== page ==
Even so, this is one of the film’s major pitfalls. In order to get their money’s worth, they need to show Haley becoming the Krueger that Robert Englund made famous. The only way that is possible is by revealing the children’s past and the horrors supposedly done to them by this pre-school gardener. By giving evil a face—and how insane is it that the writers have the kids play detective in order to exonerate the guy—you take away the intrinsic fear he instills by his mystery. Seriously, they even plug in the whole ‘Pied Piper’ allusions to beat us over the head even more. It is all further proof that American moviegoers have seen their IQs dwindle in the past few decades, leaving the ‘chicken and the egg’ puzzle of whether Hollywood caused our complete ambivalence to being spoon-fed answers or if our complete idiocy has made them dumb down everything because the lowest common denominator is now synonymous with the class valedictorian. It’s a real shame because it not only wastes the considerable talents of Haley—based on past work and his performance here—but also those of director Samuel Bayer. This guy has vision, and Elm Street had flashes of the visceral brilliance seen in videos for Manson, Garbage, Cranberries, and of course the Pumpkins’ Bullet with Butterfly Wings. If only he had an intelligent screenplay to showcase them.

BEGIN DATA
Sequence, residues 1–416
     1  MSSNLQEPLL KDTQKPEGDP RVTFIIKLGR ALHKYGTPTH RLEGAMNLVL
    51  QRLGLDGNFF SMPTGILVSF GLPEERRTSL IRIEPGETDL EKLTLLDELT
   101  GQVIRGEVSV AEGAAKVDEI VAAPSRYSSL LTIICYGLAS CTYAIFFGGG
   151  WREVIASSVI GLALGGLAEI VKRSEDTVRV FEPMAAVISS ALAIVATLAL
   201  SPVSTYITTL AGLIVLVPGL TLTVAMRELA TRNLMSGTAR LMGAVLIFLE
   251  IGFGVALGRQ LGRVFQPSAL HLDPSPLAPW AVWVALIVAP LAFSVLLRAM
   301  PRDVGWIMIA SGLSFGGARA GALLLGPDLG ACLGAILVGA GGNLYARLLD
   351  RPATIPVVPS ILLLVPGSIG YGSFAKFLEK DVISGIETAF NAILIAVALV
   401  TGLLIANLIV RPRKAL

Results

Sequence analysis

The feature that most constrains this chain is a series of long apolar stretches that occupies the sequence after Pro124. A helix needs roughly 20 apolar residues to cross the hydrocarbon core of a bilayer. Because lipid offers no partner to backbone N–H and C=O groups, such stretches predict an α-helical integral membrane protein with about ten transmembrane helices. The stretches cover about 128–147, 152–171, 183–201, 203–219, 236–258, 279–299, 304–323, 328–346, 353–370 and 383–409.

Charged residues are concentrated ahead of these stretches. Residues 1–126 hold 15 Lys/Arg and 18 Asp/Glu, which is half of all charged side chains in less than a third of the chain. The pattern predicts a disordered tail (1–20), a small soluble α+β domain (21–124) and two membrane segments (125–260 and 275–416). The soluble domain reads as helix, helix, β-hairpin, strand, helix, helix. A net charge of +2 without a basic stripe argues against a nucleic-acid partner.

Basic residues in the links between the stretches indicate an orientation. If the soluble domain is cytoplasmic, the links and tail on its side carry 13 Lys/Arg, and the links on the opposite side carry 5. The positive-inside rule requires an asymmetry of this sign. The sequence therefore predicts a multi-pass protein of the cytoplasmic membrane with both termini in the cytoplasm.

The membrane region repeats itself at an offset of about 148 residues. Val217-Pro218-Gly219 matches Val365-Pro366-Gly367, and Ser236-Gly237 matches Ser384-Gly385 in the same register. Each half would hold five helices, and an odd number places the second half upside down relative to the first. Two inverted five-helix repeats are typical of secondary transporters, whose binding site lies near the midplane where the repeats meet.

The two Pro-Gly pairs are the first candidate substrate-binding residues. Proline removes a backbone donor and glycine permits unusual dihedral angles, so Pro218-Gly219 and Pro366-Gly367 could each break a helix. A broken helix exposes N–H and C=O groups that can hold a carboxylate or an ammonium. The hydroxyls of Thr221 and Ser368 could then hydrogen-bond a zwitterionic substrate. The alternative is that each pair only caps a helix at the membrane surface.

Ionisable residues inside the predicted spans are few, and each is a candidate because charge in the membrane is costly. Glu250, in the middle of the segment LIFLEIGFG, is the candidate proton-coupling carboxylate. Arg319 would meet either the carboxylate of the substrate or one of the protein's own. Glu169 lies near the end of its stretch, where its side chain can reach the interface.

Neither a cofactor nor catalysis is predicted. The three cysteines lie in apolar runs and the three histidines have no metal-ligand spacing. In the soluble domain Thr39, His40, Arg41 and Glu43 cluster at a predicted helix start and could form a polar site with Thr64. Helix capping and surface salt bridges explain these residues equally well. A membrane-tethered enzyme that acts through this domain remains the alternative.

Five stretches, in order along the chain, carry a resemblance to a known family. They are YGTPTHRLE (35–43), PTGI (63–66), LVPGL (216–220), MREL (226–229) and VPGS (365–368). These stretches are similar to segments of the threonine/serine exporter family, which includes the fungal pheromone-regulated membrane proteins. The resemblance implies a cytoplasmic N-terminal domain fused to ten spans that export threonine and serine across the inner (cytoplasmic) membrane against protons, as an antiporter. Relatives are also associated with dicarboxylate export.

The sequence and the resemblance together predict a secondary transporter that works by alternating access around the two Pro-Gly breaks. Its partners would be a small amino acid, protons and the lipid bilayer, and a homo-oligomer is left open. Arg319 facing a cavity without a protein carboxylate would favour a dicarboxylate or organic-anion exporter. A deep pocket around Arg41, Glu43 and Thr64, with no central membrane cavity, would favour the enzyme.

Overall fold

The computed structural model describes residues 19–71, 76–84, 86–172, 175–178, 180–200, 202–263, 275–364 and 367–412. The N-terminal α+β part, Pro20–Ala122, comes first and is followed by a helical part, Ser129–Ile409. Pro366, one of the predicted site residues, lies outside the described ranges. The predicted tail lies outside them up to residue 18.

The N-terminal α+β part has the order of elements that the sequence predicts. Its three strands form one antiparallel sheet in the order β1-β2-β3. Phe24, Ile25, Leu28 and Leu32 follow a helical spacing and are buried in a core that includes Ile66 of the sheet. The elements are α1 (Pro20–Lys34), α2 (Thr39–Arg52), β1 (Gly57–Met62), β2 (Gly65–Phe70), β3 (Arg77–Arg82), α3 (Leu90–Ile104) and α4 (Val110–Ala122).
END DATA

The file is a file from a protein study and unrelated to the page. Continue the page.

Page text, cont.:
There are many nods to the original, from the first female death while boyfriend lays next to her to the body wrapped in plastic being dragged feet first through the school to the knifed hand rising between Nancy’s legs in the bathtub. Frankly, it’s all done better here due to technological advances. If you could take the death scenes from this remake and plug them into the effectively constructed narrative of the original, you’d have one damn fine movie. A couple things are included in variation to appear new like having Quentin pulled under the water rather than Nancy or have her come through a bedroom ceiling while a pool of blood stays above instead of Depp’s claim to fame bed vomiting masterpiece of the original. The aesthetic here is honestly the one shining star in the abyss of been-there-done-that unoriginality, having but one misstep showing how traditional effects do oftentimes out magic the wonder of computer graphics—Haley’s Krueger pushing through a wall has nothing on Englund’s head protruding in the dark; that was one freaky scene made laughable in its redoing.